Friday, February 6, 2009

Romance, through the eyes of Hitchcock ....

But first, there are many things to do in California

I've only been to San Francisco once, and that was in the winter, February, as a matter of fact. My California time otherwise has been during warm-weather months, and my excursions largely ranging between San Diego and Los Angeles.

I tried to learn how to surf (on big waves, really, in the actual ocean) when I was in California. The only thing I learned was what it feels like to be a basketball -- tossing, tumbling, bouncing and bouncing and bouncing. Among my favorite California places were a bar called Maynard's in La Jolla and a nearby six-floor hotel, in which only the first floor was occupied. (The other floors, most likely, were condemned.) I cannot recall the name of the hotel, but I have come to refer to it as the "Hotel California." Most certainly, you remember the Eagles' song:

... "So I called up the Captain,
'Please bring me my wine'
He said, 'We haven't had that spirit here since nineteen sixty nine'
And still those voices are calling from far away,
Wake you up in the middle of the night
Just to hear them say ...
Welcome to the Hotel California
Such a lovely place (Such a lovely place)
Such a lovely face
They livin' it up at the Hotel California
What a nice surprise (what a nice surprise)
Bring your alibis" ...

Is this relevant?

Of course not, but I thought I'd mention it, anyway. Now, to the subject at hand:

The Ideal Couple: Episode II

Continuing our seminar regarding some of the great romances of San Francisco as depicted in the magical world of motion pictures, Alfred Hitchcock has produced a pair of my favorites. First, let us turn to the "The Birds." Notice here how gently Mitch is holding Melanie after she single-handedly fought off an attack from the feathery fiends. My assumption is that the woman on right is from PETA, and is trying to steal Melanie's fur coat during the confusion.

Mitch must be a wimp to allow Melanie do the fighting.

None of us, I am certain, will ever forget Scottie and Madeleine in Hitchcock's San Francisco classic, "Vertigo." I've never figured out how such an old dude like Scottie could land such a hot, young chick like Madeleine, but I guess that's just the way "old Alfred" envisioned the story. Anyone else besides me keep getting dizzy all during that movie?

So, men actually once wore hats instead of caps? How classy.

To be concluded tomorrow (barring the unforeseen) as Episode III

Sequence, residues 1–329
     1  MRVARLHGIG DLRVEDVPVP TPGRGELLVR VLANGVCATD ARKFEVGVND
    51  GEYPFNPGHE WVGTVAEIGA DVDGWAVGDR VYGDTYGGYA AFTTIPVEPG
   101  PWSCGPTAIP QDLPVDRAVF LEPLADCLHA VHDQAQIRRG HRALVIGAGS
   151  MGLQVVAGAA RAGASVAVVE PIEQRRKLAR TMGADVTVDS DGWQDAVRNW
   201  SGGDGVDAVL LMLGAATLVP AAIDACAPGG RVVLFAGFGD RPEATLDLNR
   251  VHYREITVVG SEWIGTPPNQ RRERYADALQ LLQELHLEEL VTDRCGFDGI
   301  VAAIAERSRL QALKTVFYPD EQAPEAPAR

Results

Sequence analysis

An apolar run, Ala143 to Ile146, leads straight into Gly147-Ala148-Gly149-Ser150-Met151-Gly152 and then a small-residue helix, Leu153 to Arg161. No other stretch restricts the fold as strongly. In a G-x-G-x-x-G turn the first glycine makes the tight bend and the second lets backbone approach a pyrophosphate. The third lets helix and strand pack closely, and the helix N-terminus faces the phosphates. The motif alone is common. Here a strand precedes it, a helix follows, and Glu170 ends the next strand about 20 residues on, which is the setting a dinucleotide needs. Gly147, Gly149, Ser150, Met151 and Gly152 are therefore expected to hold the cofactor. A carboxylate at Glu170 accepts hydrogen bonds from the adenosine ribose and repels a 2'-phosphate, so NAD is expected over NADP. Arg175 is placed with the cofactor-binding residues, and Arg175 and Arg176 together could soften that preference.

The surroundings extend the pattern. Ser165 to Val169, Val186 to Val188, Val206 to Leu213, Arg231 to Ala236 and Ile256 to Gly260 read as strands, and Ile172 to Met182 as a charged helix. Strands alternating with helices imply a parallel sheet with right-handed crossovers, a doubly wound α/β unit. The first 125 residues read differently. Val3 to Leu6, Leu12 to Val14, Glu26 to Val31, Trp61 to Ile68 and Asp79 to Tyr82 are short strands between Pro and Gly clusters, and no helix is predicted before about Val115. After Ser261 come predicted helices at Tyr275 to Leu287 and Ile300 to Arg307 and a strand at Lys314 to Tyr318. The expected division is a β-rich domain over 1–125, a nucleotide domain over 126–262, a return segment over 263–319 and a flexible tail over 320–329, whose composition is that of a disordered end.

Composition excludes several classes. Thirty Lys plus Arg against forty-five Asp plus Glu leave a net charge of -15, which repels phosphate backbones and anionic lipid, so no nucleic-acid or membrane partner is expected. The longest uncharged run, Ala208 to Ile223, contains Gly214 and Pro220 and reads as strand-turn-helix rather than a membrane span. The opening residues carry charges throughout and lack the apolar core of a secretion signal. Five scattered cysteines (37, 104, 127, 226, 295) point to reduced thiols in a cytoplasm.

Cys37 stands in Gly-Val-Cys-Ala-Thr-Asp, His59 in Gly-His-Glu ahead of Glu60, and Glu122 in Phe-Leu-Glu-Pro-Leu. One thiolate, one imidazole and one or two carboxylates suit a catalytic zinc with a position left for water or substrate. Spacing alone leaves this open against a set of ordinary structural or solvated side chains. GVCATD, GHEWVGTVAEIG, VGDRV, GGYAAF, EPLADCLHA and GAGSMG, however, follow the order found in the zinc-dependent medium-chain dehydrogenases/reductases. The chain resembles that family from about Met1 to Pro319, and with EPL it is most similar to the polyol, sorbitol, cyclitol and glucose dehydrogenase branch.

Music Note: Listening to (and sort of watching) David Bowie ....
Specifically, his "Glass Spider" concert ....
(Unbelievable guitar work, especially when five on stage at once)


Piper .. said...

:) Hotel California was sort of an anthem back in med school! :)
"you can check out any time you like but you can never leave.."
I love the fact that you like Eagles. I actually have friends who dont!
Hmm.. I`m not a big fan of Hitchcock. I have a mortal fear of anything with wings. The Freud in me attributes it to the movie 'Birds'. :) I thought 'Vertigo' was a dark movie. Really. However some parts have stayed on in the mind.
Watching Scottie pull Madeleine out from the Bay beneath the Golden Gate Bridge, seeing Madeleine staring thoughtfully at Carlotta’s painting, the kiss near the ocean, the sweeping embrace of reunited lovers, and the haunting images of the bell tower... are just some of them.

Fram said...

Hi there, Piper. I agree completely about "Vertigo." Very, very, very dark, with an ending I think no one who has seen it expected.

Since I was a kid, I have objected to actors playing parts much too young for their actual age/appearance. I don't have the same objection to musicians. I wonder why? Mick Jagger prancing on stage seems believable. Harrison Ford portraying a forty-year-old man with little kids running around the house seems ridiculous. Maybe because the former is reality and the latter is not; the first is honesty and the second is fraudulent?

Natalie said...

Thank you!
“Brooding” – yes! “Fatalistic” – Ohhh absolutely! I am Scorpio, a real one!! Hha!

Not everything I write is “moody & somber” try this one:

“Columnist” sounds like “communist”!!!!!!!
P.S. Love Hitchcock!!!

Fram said...

Thank you, for the visit, Natalie.

Columnist/Communist. Well, the words might be similar, but the nearest I've come to old-style communism is having read the "Manifesto" of Karl Marx and "Freddy" Engels when I was young. I still have a copy.

Your comment causes my mind to drift, to wonder what would have become of me had I been born around 1900 in Russia, and been a man coming of age when the revolution erupted.

I will be reading more of your poetry.

Something special ....